A bacterial aphrodisiac?

Bacteria are everywhere. Well, pretty much everywhere. On that door handle, your bed, the air to the bottom of the ocean and the trillion inside your own bodies! Their pure diversity provides an exceedingly large study source to improve our biochemical and physiological understanding of cellular processes, but especially the effect bacteria can play on other organisms. Now, a recent study published in Cell has found that sexual reproduction can be regulated by the bacterium Vibrio fischeri (V.fischeri) (1).

A serendipitous discovery

Now, just to be clear, V.fischeri was found to regulate sexual reproduction in a choanoflagellate, S.rosetta, not in humans. Choanoflagellates are single-celled organisms that are the closest living relatives of animals, that survive by eating bacteria for breakfast. The presence of V.fischeri induces the cells to swarm and aggregate in loose gatherings of between 2-50 cells and with it a switch from asexuality to sexuality.

This loose aggregate formation is different from the developmental formation of multicellular rosettes, known to be triggered by specific lipids produced by the bacterium Algoriphagus machipongonensis (2).

Extracellular regulator of sex (EroS)

A series of experiments were conducted to find the biochemical source secreted by V.fischeri that acts as a bacterial aphrodisiac. The principal technique used was bioactivity guided fractionation of the V.fischeri culture to select and test components responsible for this phenomenon. The big hint came when a pre-protease treatment prevented the previously seen swarming activity. In conjunction with further fractionation and mass spectrometry the uncharacterised protein was found to be 90 kDa.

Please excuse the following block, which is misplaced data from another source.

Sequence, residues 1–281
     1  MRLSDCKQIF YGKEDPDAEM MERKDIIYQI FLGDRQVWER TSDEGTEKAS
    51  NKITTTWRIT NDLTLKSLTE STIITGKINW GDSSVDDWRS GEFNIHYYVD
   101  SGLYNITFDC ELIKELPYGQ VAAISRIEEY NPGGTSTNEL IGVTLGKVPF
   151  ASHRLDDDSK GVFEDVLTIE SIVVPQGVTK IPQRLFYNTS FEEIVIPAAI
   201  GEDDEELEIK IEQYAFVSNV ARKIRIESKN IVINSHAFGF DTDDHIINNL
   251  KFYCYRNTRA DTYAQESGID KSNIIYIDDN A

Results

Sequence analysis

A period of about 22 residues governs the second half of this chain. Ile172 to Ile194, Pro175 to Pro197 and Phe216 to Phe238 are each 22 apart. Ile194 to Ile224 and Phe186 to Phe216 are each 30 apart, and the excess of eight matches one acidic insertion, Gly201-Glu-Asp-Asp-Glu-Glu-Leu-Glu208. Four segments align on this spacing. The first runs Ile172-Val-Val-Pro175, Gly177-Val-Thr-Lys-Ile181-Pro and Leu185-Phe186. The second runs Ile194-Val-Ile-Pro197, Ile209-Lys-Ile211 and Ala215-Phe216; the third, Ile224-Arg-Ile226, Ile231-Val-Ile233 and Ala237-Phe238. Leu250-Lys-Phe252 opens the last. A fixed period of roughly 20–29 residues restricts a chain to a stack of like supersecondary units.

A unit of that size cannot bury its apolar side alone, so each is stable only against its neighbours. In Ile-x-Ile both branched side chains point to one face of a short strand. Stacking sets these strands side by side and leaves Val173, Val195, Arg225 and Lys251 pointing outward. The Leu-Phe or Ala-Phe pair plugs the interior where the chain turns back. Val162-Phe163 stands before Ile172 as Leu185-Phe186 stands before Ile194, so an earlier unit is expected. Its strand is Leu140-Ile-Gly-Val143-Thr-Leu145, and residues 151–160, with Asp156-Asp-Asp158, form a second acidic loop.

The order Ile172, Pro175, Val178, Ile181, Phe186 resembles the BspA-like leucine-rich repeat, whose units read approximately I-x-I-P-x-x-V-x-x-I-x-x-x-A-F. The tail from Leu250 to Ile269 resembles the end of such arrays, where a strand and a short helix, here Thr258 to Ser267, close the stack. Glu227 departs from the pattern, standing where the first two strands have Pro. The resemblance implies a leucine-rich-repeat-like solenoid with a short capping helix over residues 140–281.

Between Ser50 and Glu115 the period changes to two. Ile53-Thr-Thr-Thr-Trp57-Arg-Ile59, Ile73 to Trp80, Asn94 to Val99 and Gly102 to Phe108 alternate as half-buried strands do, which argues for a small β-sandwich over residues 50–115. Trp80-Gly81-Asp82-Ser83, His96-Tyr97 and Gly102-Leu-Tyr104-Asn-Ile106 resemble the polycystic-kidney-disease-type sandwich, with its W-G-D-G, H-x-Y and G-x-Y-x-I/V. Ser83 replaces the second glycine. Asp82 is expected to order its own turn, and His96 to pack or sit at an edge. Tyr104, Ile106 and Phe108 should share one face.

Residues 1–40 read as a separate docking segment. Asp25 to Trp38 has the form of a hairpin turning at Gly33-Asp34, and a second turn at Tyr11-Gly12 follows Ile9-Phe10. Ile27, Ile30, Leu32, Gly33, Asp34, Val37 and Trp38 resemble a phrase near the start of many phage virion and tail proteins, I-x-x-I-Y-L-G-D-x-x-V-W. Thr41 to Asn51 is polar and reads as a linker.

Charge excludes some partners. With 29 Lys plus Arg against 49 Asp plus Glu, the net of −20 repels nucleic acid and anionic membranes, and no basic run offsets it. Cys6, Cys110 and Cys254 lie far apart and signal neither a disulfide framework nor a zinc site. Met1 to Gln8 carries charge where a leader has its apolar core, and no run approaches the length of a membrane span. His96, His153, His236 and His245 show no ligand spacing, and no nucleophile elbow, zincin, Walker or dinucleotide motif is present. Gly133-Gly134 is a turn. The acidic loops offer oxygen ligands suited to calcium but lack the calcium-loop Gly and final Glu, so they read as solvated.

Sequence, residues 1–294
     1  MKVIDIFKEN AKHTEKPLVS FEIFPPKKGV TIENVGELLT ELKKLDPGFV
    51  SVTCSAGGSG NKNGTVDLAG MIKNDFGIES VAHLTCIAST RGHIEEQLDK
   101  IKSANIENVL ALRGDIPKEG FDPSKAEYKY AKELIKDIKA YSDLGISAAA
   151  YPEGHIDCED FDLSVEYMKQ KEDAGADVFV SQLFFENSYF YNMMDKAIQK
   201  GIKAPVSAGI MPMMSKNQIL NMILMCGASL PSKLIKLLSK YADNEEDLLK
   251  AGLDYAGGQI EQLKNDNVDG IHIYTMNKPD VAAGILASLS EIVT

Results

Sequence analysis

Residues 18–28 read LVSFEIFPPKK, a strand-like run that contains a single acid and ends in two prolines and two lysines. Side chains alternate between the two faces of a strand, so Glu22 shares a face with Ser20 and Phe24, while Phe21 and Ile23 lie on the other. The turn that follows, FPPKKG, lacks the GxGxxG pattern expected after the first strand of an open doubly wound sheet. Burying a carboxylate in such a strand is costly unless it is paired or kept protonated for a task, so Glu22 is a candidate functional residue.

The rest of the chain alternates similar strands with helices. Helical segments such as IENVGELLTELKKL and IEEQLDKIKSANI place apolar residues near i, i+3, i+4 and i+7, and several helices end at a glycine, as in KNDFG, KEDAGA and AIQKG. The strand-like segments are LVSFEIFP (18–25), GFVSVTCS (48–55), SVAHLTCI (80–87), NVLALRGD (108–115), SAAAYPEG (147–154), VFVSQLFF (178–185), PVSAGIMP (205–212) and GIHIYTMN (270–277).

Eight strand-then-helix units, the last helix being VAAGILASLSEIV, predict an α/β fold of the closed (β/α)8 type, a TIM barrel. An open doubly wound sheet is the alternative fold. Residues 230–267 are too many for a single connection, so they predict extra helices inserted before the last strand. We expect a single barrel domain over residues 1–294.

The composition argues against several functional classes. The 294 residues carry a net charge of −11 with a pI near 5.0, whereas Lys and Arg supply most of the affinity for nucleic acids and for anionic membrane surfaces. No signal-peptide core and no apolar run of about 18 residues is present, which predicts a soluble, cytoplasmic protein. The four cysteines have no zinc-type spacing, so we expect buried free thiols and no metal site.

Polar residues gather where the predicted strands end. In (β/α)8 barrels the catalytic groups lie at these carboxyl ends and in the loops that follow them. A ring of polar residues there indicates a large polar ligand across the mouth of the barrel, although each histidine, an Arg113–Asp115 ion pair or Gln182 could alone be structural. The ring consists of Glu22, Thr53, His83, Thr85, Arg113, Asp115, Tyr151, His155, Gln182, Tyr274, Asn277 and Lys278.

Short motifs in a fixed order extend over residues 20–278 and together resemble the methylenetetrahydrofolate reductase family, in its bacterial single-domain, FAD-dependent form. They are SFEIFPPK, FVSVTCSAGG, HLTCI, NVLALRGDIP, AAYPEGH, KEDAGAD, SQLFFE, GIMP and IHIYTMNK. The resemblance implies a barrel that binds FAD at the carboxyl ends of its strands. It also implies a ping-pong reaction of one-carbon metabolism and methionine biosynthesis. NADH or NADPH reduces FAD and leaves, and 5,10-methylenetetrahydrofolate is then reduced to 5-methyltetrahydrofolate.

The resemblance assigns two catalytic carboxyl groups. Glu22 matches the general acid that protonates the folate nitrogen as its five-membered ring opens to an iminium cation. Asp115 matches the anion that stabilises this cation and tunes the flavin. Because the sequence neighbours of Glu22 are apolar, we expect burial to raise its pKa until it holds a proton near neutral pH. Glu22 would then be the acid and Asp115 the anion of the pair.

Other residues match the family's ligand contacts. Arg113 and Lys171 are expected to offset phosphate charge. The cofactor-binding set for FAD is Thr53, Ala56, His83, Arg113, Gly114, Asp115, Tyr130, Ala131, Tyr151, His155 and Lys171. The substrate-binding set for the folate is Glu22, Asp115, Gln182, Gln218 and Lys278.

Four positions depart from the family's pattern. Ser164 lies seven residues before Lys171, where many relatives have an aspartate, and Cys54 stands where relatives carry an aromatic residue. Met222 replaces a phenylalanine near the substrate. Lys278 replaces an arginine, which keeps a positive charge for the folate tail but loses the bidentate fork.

The protein was suitably named the extracellular regulator of sex – EroS for short. The eroS gene was heterologously expressed in in E.coli, the protein purified and was found to recapitulate the phenotype induced by V.fischeri.

Sequence alignment and mutagenesis showed eroS to be a chondroitin lyase, a type of GAG lyase. Since chondroitin disaccharides (products of a chondroitin lyase) were incapable of inducing the swarming alone, it is instead hypothesised that the action of the lyase is to cause a structural modification of S.rosetta that promotes its sexual behaviour.

A natural phenomenon?

Although the experiments show that V.fischeri is capable of inducing this behaviour is doesn’t necessarily mean that it will in natural conditions. However, as only 4×102 V.fischeri cells per ml are required, a concentration comparable to oligotrophic oceans, this proves that this ‘interkingdom interaction’ is indeed likely.

Since it was recently found that we have an even larger microbiome than previously thought*, understanding the functions and consequences that bacteria can have will aid a fuller understanding of ourselves and how the two kingdoms interact and link to diseases like autism and type II diabetes.

*Another 54 species have been discovered by Harvard scientists (3)

Further Reading

(1)  A.Woznica. Mating in the Closest Living Relatives of Animals Is Induced by a Bacterial Chondroitinase Cell. 2017 Sep 7;170(6):1175-1183

(2)  Alegado RA, Brown LW, Cao S, et al. A bacterial sulfonolipid triggers multicellular development in the closest living relatives of animals. Greenberg P, ed. eLife. 2012;1:e00013. doi:10.7554/eLife.00013.

(3) https://motherboard.vice.com/en_us/article/kz7bjm/scientists-sequence-the-dna-of-thousands-of-microbial-communities-living-in-healthy-people



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